So I stumbled across Cardgrrl's book of bad beats which, at this stage, appears to just involve her and the Grump exchanging stories. I confess that reading it reminds me of the Monty Python skit "Four Yorkshiremen" - you know the one - (in case you don't) and I want to respond to a tale of a flush catching up with a flopped set in a loud exclamation of "Luxury!".
See below for recent posts which are pretty bad. Although I confess that I'm not sure if a boxed card is a bad beat or a cooler or what the appropriate term is. I do know that flopping top set and getting called twice by six high only to lose to runner-runner straight is pretty bad. And I have lost way more than should be normal playing live when, in a set over set situation, bottom set hits its one-outer to make four of a kind. (Although, in the interest of full disclosure I have also put this particular beat on a friend of mine from my local room on one particular occasion).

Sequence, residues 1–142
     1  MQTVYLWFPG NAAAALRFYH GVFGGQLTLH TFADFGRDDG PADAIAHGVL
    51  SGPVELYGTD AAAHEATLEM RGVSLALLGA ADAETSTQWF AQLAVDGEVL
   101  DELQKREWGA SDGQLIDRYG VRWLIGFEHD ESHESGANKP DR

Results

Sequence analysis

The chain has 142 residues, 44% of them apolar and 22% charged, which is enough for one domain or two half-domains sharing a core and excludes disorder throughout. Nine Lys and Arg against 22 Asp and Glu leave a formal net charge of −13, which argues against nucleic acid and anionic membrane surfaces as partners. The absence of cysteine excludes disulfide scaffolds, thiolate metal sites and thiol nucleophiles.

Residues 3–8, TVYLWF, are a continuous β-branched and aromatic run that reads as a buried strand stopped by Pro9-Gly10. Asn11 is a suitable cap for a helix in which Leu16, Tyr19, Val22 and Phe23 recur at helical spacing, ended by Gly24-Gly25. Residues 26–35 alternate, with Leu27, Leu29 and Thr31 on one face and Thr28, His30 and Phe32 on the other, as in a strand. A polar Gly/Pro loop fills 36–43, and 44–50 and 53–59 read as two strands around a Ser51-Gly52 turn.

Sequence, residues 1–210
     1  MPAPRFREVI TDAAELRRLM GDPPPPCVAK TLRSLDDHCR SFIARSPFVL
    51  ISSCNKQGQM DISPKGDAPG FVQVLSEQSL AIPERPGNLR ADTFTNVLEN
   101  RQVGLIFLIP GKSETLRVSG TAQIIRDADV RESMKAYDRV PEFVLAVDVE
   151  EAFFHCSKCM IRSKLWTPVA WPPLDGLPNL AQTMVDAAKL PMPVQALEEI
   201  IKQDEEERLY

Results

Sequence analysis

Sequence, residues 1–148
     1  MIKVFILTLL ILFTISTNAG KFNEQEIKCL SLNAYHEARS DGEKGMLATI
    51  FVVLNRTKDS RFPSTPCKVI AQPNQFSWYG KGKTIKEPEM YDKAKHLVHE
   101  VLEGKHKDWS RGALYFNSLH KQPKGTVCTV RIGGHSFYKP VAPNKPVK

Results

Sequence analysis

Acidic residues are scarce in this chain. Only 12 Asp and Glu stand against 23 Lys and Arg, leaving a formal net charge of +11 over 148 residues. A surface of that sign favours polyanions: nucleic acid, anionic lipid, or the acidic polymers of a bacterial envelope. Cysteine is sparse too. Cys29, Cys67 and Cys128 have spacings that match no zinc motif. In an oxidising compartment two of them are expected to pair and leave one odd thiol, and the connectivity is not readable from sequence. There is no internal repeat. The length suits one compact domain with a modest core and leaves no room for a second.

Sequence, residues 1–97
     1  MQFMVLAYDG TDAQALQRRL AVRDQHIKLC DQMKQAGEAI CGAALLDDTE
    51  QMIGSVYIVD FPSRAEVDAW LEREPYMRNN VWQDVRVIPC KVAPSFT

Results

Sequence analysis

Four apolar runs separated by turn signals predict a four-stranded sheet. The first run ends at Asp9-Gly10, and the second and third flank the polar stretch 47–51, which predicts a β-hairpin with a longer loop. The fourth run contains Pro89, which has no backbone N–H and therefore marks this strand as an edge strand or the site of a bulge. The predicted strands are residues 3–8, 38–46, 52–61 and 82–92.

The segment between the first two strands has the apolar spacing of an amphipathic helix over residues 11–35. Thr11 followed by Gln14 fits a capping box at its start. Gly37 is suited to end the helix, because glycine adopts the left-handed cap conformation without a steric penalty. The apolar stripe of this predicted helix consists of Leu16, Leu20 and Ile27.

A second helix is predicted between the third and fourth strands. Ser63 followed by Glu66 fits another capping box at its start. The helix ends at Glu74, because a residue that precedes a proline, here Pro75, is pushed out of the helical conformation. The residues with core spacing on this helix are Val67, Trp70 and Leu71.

But to qualify for a true bad beat it has to involve horrendous play, I think, and set over set just happens. Which brings me to my entry in this particular competition:
Background - my local cash game. $200 - $500 buy in NL Hold'em with $5/$5 blinds. Full ring. I'm in BB with $1,200. There are lots of limpers (six?) and I check with an off suit Ad10c. Flop comes 10h 10d 7s. SB checks and I lead for the pot (my game involves extracting value with made hands - no need to be tricky here as any number of hands call) two callers, including the button. Turn is the 7d. I figure at this stage the best I can hope for is a chop, but anyone with one seven is going to call me down so let's find out. I bet 2/3rds of the pot. One fold and button min raises me. Ok, I'm behind to 77, tied with the other 10 and miles in front of one 7 so let's find out - I push. He snap calls and when the 8 of diamonds comes on the river tables the 6d9d for a runner, runner straight flush.
So, I offer this as my personal bad beat as it involved two of the worst calls ever. He called the flop with a pair on the board larger than his hand and holding only a gutshot straight draw. I actually don't mind the min raise on the turn but then he calls off his entire stack with a turned non-nut flush draw while facing a double paired board. Anyway - Nice hand sir, well played.